(Note: This review is already posted in this week's Best Shots @ Newsarama.com column, where it is nestled among many other reviews of new and recent-ish releases by the Best Shots team. I'm posting it here as well so I can add links and images. For preview pages, click here)
You wouldn’t know it from the state of the headlines, but the goddess of war is getting awfully sick of her job. At least according to her biographer, art teacher, rock and roller and cartoonist Lauren R. Weinstein, who recently launched an ambitious new series about the titular goddess deciding to take her first personal day in 175 years.
If you’ve never heard of the goddess of war, and thought the war deities tended to be male like Ares and Mars, don’t worry; she’s an original invention of Weinstein’s, a character she sometimes sings about with her band Flaming Fire.
Her goddess is named Valerie, and she used to be a valkyrie in Norse myth, until she worked her way up the divine ladder by devoting herself to her work, while her sisters Brunhilde and Gudrun got distracted by messing around with humans (see Fritz Lang’s Die Nibelungen for more on that sordid affair).
Despite the nod to classical mythology, Weinstein’s cosmology is decidedly postmodern. Valerie lives in The Headcave on her own planet, a castle shaped like a monster head, with an interior somewhat resembling Barbarella’s spaceship. She answers to Brainstein, a large bespectacled brain that works for god-like being No. 2 and tells her which appointments she needs to keep. Her best friends are her dog Fafnir and Nebulon, a giant tentacled blob “universe eater” that she only calls when she’s drunk. Among her past lovers is 19th century Apache chief Cochise.
Val’s dissatisfaction with her job seems to come from how messy and indistinct war-fighting is in the 21st century, as she considered World War I a high-point of her career, and the meeting she misses is with a suicide bomber named Faheed with designs on detonating himself in New York City.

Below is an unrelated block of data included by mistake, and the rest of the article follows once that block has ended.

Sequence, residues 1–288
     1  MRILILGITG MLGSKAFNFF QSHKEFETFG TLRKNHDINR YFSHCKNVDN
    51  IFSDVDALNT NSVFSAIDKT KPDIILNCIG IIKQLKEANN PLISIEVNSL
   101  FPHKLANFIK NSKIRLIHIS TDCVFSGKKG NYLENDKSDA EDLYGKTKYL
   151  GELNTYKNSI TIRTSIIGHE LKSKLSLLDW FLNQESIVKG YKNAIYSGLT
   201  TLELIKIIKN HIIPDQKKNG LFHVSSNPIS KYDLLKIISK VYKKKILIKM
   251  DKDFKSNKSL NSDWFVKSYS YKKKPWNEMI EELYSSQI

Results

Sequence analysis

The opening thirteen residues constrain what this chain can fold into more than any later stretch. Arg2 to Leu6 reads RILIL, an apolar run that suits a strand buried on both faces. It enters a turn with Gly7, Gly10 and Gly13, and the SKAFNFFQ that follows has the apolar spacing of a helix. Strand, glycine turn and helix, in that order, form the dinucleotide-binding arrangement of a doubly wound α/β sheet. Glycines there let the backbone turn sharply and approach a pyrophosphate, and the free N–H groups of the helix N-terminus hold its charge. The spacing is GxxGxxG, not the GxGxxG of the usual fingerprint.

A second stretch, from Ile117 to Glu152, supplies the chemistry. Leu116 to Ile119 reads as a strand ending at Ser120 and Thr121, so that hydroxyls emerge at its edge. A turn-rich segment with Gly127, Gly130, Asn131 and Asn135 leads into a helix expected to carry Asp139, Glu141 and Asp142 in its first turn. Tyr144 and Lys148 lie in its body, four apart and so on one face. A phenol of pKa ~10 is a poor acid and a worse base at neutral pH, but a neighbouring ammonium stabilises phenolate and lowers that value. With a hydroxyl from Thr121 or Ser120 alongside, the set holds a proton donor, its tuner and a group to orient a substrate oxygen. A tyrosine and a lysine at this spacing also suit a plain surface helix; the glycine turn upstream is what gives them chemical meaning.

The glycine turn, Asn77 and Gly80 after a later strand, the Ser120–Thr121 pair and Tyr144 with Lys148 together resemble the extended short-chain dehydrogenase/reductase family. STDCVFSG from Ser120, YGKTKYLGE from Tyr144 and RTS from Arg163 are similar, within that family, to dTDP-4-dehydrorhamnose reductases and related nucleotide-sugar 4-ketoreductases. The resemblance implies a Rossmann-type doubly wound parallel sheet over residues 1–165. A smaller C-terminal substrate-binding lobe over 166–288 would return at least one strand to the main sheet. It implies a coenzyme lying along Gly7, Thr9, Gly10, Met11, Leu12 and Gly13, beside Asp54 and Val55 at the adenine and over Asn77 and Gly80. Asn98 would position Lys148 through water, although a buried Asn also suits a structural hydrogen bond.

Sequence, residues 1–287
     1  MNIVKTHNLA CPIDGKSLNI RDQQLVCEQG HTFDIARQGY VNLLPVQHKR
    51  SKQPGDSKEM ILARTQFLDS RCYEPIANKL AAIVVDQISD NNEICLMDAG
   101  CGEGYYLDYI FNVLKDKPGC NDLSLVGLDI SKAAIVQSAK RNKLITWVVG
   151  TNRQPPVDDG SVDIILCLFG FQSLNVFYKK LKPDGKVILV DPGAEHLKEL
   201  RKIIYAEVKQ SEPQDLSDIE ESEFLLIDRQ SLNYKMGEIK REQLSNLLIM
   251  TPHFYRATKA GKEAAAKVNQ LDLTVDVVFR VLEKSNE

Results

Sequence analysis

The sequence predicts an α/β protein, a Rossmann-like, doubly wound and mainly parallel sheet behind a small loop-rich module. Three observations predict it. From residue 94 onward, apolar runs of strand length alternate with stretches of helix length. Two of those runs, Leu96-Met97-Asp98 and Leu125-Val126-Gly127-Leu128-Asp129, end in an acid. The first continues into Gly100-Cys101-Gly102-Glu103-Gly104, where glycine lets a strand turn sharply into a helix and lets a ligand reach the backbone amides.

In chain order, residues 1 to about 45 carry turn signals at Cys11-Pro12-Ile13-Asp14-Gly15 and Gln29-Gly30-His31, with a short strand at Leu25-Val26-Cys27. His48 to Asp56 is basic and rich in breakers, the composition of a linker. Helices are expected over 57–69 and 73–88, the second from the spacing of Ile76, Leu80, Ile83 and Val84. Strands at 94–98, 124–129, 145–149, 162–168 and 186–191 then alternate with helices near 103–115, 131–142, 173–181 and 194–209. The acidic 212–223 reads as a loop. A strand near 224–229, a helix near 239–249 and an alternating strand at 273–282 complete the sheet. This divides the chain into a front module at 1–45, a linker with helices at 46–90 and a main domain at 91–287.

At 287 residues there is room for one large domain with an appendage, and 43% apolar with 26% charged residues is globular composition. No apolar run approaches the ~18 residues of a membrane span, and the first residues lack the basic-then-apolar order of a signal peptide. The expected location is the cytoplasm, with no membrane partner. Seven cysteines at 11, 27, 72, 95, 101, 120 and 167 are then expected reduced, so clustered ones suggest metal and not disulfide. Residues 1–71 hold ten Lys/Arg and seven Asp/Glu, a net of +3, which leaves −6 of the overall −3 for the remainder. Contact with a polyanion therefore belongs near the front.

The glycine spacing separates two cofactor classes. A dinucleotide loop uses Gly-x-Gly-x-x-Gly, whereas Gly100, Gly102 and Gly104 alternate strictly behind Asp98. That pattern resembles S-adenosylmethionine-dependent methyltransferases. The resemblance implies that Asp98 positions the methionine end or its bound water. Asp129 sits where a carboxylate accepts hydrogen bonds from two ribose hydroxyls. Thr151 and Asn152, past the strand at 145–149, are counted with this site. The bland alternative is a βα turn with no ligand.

Opting to stay in and get drunk on a bottle of sacrificed virgin blood Mayan supplicants once gave her, Valerie gets nostalgic and eventually determines to visit Cochise in the past. The back half of the book shifts to a pretty straightforward historical account of Cochise and Geronimo’s conflicts with the Americans, and the role the goddess played in its escalation.
Weinstein’s artwork is on the rough and primitive punk side of the spectrum, with a somewhat shaky line and scratchy human figures that help her achieve the surprisingly difficult aesthetic of polished, professional quality work under an amateurish looking veneer (It’s rather evocative of the work of underground comix luminary Gary Panter, who shares a publisher with Weinstein in PictureBox Inc.).
That art style is made especially easy to appreciate given the attention-demanding format of Goddess of War Vol. 1. It’s a good old-fashioned folded, spine-less comic book rather than a graphic novel, but it’s a giant comic book. Fifteen inches high and ten inches wide, it’s almost newspaper sized, with plenty of room for 25 panels per page, and huge, highly detailed and delicately rendered black and white etchings, devoted to maps of the universe and poster-like splash pages calling special attention to certain events, like Valerie and Cochise’s first meeting.
The huge size makes for a highly immersive reading experience, transforming readers to little kids with the funnies page spread out before them, but does present some problems once the book is finished: Just where the hell do readers store a spine-less comic that’s a good 50% larger than the rest of their comics?